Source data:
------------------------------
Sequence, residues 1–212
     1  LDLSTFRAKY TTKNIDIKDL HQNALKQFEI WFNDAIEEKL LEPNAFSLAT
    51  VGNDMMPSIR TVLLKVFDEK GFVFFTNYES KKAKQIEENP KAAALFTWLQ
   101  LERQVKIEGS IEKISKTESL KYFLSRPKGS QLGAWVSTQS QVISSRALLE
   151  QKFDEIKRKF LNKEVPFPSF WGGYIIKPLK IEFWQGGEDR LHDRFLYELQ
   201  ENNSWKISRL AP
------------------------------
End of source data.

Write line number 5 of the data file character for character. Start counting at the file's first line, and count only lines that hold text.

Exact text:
   151  QKFDEIKRKF LNKEVPFPSF WGGYIIKPLK IEFWQGGEDR LHDRFLYELQ